Thanks Bishop Alan. Very well said, and good for Rosie, her paperwork was actually the one like liked most. Hope she gets in. I also hope Alan Crawley does, who I seconded, also a radically inclusive agenda. I am a bit worried about the number of inclusive candidates standing in the house of laity though. :s

Anonymous said...

Surely we should be looking to elect not people who would trenchantly support our party position, but rather people who have a character of integrity, holiness and kindness? People who will listen to debates and perhaps even change their minds. Or is this simply to naive.

At least I get to vote!


Rachel said...

Please God that Rosie Harper and others like her get elected! I speak as a parishioner from a church like many others across the land who are doing great work for Christ - despite those who hide in diocesan offices, financial planning meetings, Bishop's Councils and all other central staff who squander our hard earned parish share on unnecessary trappings of status and posturing.

Alastair Cutting said...

Rosie's address is added to the list of addresses on the General Synod Blog:

Revsimmy said...

The "Anonymous" Simon above is not me, but I agree with his sentiments. We need to be modelling something different from the way our scoiety does its decision making, something different from the party political, adversarial approach found elsewhere.

We DO, however, also need to get away from the "white, middle-class, middle-aged, degree-educated, heterosexual male" dominance on GS (even though I match the stereotype perfectly).

June Butler said...

Ah, I like Lesley's tips for the candidates.

Hear, hear, Rosie! Once again, if I could, I would vote for Rosie. She quotes my favorite (one of them, anyway) verse from the Hebrew Testament, good old Micah on justice, mercy, and humility.

You can't imagine how mysterious the voting system in the Church of England appears to us former colonials in the US. But, I'd assume that our voting mechanisms in the Episcopal Church appear quite as mysterious to those of you in the CofE.

Bishop Alan Wilson said...

Many thanks to all for kind, positive and thoughtful responses. I agree, Simon , about the human and spiritual qualityies of the people we elect being more important than their theoretical positions on issues.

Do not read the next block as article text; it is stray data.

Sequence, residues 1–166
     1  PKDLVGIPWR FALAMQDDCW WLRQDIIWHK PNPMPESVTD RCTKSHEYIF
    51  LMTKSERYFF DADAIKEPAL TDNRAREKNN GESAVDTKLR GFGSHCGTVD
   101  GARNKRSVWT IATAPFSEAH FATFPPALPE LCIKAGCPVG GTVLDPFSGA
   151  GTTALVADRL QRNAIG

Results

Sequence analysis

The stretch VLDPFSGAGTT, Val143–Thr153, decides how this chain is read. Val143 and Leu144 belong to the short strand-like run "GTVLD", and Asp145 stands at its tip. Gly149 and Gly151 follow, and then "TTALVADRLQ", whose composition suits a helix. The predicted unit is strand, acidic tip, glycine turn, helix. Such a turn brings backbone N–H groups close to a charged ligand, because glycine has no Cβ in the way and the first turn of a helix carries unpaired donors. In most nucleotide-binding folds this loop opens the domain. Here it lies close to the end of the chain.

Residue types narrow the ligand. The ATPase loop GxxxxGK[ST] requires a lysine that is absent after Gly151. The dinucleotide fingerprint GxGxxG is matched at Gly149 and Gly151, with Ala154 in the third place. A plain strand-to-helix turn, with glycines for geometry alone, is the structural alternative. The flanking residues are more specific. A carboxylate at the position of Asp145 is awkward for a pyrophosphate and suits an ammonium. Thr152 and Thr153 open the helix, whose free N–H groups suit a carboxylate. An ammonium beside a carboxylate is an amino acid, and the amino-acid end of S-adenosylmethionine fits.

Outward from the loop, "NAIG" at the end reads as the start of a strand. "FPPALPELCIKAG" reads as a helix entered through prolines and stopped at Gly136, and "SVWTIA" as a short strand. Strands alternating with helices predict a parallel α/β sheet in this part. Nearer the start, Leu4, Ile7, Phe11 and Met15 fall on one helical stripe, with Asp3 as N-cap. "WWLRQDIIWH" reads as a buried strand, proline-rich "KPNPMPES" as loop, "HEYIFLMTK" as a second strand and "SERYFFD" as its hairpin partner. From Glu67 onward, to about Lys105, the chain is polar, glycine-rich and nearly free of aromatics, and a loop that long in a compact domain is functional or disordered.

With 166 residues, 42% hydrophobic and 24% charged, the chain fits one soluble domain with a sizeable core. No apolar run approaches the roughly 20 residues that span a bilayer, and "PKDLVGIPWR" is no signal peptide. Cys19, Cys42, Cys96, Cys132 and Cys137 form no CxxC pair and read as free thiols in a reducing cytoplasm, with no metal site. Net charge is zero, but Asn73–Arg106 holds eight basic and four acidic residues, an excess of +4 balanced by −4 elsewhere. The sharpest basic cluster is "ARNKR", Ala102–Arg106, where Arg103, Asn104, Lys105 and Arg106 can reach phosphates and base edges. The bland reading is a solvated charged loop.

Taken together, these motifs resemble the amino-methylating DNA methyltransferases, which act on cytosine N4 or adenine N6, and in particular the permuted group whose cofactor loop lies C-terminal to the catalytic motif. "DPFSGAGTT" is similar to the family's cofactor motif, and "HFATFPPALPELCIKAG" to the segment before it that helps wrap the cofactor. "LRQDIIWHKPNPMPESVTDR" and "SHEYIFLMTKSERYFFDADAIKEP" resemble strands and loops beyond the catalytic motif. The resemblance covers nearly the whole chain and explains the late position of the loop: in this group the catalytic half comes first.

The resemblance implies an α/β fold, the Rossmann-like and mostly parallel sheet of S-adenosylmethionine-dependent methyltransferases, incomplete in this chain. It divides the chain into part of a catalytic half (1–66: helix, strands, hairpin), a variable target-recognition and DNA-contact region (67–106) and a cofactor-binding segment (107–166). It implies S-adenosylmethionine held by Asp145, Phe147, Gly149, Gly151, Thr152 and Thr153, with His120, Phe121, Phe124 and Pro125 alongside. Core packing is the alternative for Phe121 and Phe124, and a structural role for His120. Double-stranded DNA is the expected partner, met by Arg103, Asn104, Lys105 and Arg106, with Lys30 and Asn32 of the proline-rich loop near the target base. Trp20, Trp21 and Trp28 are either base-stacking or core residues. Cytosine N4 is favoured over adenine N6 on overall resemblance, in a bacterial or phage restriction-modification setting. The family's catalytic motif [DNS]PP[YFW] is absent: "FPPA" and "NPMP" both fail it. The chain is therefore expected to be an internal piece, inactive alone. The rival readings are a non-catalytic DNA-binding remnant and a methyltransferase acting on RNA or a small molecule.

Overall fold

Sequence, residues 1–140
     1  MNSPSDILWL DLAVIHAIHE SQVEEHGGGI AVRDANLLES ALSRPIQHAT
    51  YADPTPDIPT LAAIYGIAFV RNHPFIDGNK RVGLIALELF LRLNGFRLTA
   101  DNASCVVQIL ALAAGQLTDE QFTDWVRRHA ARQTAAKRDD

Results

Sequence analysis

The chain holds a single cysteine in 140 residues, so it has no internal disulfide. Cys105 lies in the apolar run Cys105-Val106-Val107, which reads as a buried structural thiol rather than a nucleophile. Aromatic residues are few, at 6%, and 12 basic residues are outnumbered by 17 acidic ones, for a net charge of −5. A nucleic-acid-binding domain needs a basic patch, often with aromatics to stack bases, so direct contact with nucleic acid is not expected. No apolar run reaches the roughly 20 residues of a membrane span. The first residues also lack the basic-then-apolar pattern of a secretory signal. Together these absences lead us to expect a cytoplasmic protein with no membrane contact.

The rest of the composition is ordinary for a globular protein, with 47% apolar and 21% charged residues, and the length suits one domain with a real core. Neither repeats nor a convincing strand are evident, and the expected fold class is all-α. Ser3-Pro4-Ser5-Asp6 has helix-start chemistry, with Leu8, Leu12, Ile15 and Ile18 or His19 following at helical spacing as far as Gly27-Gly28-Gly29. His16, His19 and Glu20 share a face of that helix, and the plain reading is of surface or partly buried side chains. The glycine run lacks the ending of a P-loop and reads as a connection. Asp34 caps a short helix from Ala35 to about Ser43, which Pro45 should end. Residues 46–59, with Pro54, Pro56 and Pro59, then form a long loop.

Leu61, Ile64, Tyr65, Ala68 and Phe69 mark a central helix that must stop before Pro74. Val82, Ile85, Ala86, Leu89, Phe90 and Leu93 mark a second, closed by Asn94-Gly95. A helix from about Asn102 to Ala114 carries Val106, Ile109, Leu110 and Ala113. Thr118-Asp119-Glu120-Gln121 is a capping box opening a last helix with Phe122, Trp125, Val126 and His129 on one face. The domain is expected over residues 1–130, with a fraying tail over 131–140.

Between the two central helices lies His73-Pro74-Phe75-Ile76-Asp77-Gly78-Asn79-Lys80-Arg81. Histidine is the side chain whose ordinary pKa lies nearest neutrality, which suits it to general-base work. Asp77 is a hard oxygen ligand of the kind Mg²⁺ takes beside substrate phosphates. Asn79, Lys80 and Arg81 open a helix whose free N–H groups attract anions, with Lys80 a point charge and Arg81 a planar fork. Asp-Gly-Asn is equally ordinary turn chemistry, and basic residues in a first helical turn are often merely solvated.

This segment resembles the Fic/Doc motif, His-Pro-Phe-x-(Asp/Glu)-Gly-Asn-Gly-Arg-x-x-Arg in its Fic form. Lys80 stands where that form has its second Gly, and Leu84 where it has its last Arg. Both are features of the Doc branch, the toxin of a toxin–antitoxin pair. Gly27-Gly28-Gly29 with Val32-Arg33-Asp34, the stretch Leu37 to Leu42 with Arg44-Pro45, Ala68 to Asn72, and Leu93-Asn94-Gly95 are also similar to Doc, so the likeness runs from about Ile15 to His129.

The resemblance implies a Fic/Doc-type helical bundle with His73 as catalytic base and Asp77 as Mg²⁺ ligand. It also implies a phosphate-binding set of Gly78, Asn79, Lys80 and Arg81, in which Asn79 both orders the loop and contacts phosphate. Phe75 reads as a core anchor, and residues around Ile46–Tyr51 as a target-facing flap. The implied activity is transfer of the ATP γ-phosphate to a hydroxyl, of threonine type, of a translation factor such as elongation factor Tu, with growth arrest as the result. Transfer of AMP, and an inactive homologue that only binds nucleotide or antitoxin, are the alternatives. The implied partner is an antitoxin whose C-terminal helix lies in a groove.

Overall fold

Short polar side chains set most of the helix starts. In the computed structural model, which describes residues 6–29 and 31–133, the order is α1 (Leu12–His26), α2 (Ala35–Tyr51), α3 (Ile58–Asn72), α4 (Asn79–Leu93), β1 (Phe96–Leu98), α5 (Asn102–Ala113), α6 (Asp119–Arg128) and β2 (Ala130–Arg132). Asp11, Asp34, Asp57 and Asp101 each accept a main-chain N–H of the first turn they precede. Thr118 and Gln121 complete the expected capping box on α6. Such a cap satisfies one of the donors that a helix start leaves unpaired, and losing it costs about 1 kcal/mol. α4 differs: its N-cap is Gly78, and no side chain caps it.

All I'd want to add (apart from regrets that you, and for that matter me, aren't all electors for Oxford clergy) is that the great perk of my job is working with some fantastic people whom I admire and respect to the bottom of my boots. I can't imagine what this job would be like, now, without Rosie and other colleagues from whom there is so much to learn and gain inspiration.

Erika Baker said...

"I agree, Simon , about the human and spiritual qualityies of the people we elect being more important than their theoretical positions on issues"

That rather depends on what these issues are. Some theoretical positions, such as your view of transsubstantiation and the virgin birth are indeed far less important than your human and spiritual qualities.

On the other hand, your theoretical views on how to treat other people in the name of Christ may say quite a lot about your true human and spiritual qualities.

Tobias Stanislas Haller BSG said...

Good set of tips! Thanks for sharing them. Our process in TEC for G.C. is not nearly so well organized (or organised) as the G.S. It is, it seems to me, much more parochial.

And yes, Hear hear to sensible people. And good, and loving, and thoughtful, and charitable!

Revsimmy said...

"your theoretical views on how to treat other people in the name of Christ may say quite a lot about your true human and spiritual qualities."

Especially those with whom I might be inclined to disagree.

Matt W said...

Can I raise am awkward question about this post, Alan?

Is it appropriate (or allowed?) for a Bishop to endorse, or even be publicly supportive of, particular candidates for Election to the Houses of Clergy or Laity in the middle of a synodical election?

Perhaps especially if it is someone who works for him closely?


Bishop Alan Wilson said...

Thanks for comment all. I've picked up an Erika's fascinating point 8 in today's post.

Matt, you've raised an interesting question. I'm not sure it's particularly awkward. The rules are pretty much unknown and obscure. If I had a vote in this election, which I don't, I would vote by STV for various candidates in order. Whilst not sure it helps to be associated with me, or not, what are the particular issues as you see them?